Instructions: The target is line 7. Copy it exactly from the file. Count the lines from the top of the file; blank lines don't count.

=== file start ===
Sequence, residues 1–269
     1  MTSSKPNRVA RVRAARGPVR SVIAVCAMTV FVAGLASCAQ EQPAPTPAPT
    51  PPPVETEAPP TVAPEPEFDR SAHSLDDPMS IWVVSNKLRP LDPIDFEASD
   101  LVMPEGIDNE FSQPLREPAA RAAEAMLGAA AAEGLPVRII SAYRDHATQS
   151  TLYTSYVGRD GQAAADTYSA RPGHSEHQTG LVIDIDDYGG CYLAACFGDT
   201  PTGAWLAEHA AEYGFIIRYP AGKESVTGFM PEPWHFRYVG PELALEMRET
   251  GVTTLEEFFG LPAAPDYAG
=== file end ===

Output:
   251  GVTTLEEFFG LPAAPDYAG